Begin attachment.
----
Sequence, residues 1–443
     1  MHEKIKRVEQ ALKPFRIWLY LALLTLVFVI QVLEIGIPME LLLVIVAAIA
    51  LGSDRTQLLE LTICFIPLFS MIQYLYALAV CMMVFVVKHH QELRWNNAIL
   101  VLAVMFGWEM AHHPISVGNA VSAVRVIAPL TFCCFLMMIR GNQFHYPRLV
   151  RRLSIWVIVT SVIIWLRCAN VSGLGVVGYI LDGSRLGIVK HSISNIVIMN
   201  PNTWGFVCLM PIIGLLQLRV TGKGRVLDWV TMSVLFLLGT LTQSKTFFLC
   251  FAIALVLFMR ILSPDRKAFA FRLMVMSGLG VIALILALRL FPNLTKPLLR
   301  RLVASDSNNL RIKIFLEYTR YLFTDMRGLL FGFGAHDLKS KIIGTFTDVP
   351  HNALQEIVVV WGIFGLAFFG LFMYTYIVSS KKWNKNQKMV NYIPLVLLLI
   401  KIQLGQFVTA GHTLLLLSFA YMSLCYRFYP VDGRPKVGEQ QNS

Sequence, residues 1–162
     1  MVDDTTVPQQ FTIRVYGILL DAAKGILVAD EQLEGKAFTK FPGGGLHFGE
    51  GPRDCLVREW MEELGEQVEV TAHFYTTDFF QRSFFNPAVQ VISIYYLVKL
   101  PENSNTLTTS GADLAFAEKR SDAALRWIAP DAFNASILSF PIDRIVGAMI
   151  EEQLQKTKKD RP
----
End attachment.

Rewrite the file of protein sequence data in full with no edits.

Sequence, residues 1–443
     1  MHEKIKRVEQ ALKPFRIWLY LALLTLVFVI QVLEIGIPME LLLVIVAAIA
    51  LGSDRTQLLE LTICFIPLFS MIQYLYALAV CMMVFVVKHH QELRWNNAIL
   101  VLAVMFGWEM AHHPISVGNA VSAVRVIAPL TFCCFLMMIR GNQFHYPRLV
   151  RRLSIWVIVT SVIIWLRCAN VSGLGVVGYI LDGSRLGIVK HSISNIVIMN
   201  PNTWGFVCLM PIIGLLQLRV TGKGRVLDWV TMSVLFLLGT LTQSKTFFLC
   251  FAIALVLFMR ILSPDRKAFA FRLMVMSGLG VIALILALRL FPNLTKPLLR
   301  RLVASDSNNL RIKIFLEYTR YLFTDMRGLL FGFGAHDLKS KIIGTFTDVP
   351  HNALQEIVVV WGIFGLAFFG LFMYTYIVSS KKWNKNQKMV NYIPLVLLLI
   401  KIQLGQFVTA GHTLLLLSFA YMSLCYRFYP VDGRPKVGEQ QNS

Sequence, residues 1–162
     1  MVDDTTVPQQ FTIRVYGILL DAAKGILVAD EQLEGKAFTK FPGGGLHFGE
    51  GPRDCLVREW MEELGEQVEV TAHFYTTDFF QRSFFNPAVQ VISIYYLVKL
   101  PENSNTLTTS GADLAFAEKR SDAALRWIAP DAFNASILSF PIDRIVGAMI
   151  EEQLQKTKKD RP